4 Food Safety Tips from NC State University Poultry Extension Specialist and Professor Aaron Kiess

Guest blog by


During my career, I have been fortunate to work alongside many fantastic peers within academia and the poultry and allied poultry industries who have all contributed to my poultry education in some way, shape, or form. The Braswell Distinguished Professor position at North Carolina State University in the Prestage Department of Poultry Science provides me an opportunity to continue my poultry education and work alongside individuals within the North Carolina layer industry. It will also allow me to learn about the challenges the state and the industry are facing, develop problem solving strategies for those challenges, and provide outcomes that help to continue to provide nutritious products to consumers in North Carolina, the United States, and the world.

I initially became interested in animal science during college, thanks to my microbiology professor. Specifically, I have been interested in the relationship bacteria had with animals. The combination of my microbiology professor vibrantly describing how animals need bacteria to survive, and my time working on the West Virginia University farm where I observed professors pulling rumen fluid for experiments in their artificial rumen, led me to my career in poultry science and food safety.


What is Food Safety?


Food safety has different meanings to many different people. Per USDA, food safety is the conditions and practices that preserve the quality of food to prevent contamination and food-borne illnesses. The World Health Organization states that unsafe food contains harmful bacteria, viruses, parasites, and chemicals substances that can cause more than 200 different diseases. To you, food safety probably means washing your hands before and after handling meats and eggs.

My contribution to food safety has been in the area of microbiology. For over 20 years now, I have worked with partners within the poultry industry to understand the relationship bacteria have with poultry in an attempt to find ways to prevent the bad ones from entering the food chain. My research program has evaluated the ways harmful organisms move through a poultry company, starting with the breeders and ending in the processing plant.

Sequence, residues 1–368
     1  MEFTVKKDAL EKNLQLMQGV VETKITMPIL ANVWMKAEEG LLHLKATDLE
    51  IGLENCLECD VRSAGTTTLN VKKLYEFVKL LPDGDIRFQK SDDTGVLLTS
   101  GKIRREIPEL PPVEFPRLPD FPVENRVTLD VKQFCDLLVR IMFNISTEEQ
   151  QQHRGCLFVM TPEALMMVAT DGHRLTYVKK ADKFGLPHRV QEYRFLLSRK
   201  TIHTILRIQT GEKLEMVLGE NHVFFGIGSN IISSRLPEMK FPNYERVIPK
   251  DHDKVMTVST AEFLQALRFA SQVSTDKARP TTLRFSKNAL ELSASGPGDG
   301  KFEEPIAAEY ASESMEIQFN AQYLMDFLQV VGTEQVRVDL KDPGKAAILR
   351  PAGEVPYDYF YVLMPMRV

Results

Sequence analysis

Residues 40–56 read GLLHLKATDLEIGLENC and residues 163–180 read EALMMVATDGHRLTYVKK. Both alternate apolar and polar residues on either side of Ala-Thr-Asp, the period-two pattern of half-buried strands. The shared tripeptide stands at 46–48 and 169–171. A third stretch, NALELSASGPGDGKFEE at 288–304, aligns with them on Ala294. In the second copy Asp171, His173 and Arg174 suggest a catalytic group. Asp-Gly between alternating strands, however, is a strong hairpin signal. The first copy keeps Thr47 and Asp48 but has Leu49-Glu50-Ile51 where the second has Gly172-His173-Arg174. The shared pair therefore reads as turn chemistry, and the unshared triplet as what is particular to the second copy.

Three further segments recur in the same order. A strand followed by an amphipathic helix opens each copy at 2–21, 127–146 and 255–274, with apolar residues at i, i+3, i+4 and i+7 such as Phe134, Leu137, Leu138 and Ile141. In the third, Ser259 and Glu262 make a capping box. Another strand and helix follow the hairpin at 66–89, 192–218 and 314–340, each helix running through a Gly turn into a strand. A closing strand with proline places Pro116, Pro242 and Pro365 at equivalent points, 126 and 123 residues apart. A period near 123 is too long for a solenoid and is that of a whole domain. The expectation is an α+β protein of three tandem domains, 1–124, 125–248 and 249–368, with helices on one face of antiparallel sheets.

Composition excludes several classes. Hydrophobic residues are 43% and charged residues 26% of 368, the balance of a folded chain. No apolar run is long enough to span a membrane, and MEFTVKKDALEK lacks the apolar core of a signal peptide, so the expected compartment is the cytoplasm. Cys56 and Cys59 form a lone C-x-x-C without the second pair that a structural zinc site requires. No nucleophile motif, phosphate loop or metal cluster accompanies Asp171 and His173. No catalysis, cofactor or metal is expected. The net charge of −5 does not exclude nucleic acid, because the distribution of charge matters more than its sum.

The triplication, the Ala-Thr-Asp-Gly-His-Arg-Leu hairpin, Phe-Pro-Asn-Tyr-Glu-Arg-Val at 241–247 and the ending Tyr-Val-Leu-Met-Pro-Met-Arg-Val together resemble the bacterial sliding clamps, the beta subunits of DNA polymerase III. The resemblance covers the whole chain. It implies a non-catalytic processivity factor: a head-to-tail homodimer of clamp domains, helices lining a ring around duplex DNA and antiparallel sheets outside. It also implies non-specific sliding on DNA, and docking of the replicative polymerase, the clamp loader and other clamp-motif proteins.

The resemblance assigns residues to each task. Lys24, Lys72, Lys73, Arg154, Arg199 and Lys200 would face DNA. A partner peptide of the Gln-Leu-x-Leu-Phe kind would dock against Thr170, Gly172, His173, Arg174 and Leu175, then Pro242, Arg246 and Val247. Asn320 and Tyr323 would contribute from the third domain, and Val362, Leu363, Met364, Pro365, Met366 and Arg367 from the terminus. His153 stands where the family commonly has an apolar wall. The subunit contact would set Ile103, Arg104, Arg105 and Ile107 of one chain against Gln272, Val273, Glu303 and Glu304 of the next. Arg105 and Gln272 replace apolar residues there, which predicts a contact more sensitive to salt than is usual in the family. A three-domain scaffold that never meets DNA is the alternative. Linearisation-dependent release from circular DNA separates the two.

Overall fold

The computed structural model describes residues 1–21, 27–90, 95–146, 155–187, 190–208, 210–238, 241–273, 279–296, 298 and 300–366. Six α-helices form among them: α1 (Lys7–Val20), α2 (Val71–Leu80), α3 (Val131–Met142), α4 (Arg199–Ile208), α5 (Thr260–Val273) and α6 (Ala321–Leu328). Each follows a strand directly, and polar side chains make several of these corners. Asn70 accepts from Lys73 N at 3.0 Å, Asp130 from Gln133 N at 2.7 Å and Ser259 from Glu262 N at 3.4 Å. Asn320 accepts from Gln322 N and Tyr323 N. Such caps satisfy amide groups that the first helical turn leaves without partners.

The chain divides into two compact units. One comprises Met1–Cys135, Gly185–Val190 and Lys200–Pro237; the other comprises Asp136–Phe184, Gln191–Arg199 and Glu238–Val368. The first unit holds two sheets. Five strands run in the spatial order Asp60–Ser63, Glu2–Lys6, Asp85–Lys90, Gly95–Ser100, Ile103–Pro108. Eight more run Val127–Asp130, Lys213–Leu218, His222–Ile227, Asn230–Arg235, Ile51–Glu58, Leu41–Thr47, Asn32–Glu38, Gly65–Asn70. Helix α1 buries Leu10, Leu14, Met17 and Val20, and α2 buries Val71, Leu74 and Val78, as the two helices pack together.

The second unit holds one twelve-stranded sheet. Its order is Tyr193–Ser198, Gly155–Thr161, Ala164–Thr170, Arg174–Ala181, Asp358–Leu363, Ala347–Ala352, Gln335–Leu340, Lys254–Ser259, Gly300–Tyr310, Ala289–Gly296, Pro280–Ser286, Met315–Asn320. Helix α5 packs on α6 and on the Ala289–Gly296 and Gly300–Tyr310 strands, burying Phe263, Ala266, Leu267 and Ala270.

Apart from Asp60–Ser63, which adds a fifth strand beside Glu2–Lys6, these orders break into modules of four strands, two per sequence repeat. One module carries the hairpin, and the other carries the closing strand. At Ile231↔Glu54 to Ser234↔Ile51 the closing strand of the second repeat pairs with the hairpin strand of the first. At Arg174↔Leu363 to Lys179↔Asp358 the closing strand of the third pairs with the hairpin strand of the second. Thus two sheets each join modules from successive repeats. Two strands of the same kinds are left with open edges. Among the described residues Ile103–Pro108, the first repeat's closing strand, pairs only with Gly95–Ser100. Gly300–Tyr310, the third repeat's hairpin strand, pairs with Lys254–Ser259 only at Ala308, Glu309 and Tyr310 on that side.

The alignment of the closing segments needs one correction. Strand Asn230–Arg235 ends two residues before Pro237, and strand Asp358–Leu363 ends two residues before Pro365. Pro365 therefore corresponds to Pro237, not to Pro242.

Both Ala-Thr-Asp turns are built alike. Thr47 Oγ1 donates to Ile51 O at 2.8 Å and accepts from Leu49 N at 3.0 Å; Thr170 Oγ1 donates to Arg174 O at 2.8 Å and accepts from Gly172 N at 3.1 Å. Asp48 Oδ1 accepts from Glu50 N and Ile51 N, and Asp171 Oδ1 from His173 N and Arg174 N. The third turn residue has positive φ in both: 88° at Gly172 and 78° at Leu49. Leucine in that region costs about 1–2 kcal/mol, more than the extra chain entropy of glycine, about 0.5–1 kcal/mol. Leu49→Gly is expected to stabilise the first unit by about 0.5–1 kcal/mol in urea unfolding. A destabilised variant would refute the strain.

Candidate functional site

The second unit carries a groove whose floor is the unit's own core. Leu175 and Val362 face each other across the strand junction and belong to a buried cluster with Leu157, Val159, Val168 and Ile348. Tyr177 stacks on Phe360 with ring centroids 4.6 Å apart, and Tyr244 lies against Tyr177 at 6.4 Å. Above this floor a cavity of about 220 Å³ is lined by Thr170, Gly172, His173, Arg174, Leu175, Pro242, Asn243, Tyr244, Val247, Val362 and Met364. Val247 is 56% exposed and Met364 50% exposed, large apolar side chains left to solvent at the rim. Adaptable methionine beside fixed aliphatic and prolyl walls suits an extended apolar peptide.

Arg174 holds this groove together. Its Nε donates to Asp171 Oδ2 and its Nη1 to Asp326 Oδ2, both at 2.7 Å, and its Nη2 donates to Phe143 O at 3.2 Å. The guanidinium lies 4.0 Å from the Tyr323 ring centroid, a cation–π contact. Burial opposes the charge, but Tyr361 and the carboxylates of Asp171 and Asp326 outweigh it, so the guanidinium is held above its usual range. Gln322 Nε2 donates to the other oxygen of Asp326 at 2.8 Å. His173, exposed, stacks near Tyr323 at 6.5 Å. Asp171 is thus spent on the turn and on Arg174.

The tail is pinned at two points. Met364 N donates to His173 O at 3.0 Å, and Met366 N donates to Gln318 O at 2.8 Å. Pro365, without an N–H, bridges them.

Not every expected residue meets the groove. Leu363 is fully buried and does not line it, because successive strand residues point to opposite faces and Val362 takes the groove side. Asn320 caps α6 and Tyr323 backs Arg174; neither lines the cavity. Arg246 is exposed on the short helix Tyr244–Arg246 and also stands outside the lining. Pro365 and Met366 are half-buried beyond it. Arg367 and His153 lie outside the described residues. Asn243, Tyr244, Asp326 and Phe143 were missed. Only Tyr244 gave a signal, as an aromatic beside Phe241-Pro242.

How Can Consumers Contribute to Food Safety?


Overall, my goal has always been to provide the poultry industry with the most up-to-date information and tools necessary to prevent harmful bacteria from causing disease within their flocks and preventing contamination in their products. However, I also realize that I, and everyone else who enjoy poultry meat and eggs, have a role to play in protecting ourselves from foodborne illness. By ensuring that food purchased directly from an egg supplier or a grocery store is stored, handled, and cooked properly is an essential part to ensuring we do not become ill from the eggs and poultry products we eat.

Storing poultry products and eggs at the correct temperature is a necessary step to guarantee bacteria are not capable of multiplying. Here are a few steps you can take to prevent bacterial grown on poultry meat and eggs:

  1. Make sure proper temperatures are maintained in your personal refrigerator.
  2. Properly handle all food items while preparing a meal to prevent cross contamination between food items.
  3. Frequently wash your hands and sanitize work spaces while preparing a meal, especially when the meal contains non-cooked items.
  4. Cooking your food appropriately is probably the most important step for ensuring a safe meal. Poultry meat should reach an internal temperature of 165°F and eggs should be cooked to 160°F.

To ensure the food we consume is safe, we must be aware of the risks associated with the improper handling of food we consume. By understanding the risks and taking the proper precautions to store, handle, and prepare our food correctly, there should be very little concern for us when it comes to worrying about foodborne illnesses, because our food is safe. Learn more about safe food handling and preparation from USDA.


Aaron’s Favorite Beet Pickled Eggs Recipe


My grandmother, and later my mother, would make these for me and my sisters around Easter time. I still crave them every spring and stole the recipe from her.




2 (15oz) cans of whole or sliced beets (I also like to substitute pickled beets for regular beets)

12 hard-boiled eggs, peeled

1 cup of sugar

1 cup of water

1 cup of cider vinegar


  1. Drain beets, reserving 1 cup of the beet juice
  2. Place beets and eggs into a glass jar or plastic container (2qt should be enough
  3. In a pan bring the sugar, water, vinegar, and 1 cup of beet juice to a boil
  4. Pour the mixture over the beets and eggs
  5. Cover and refrigerate for 24 hours (longer periods of time allows for deeper penetration of the beet juice into the egg whites)

The beet pickled eggs will last for 2 weeks in the refrigerator if the jar or container is kept


Sign up for monthly newsletter

  • This field is for validation purposes and should be left unchanged.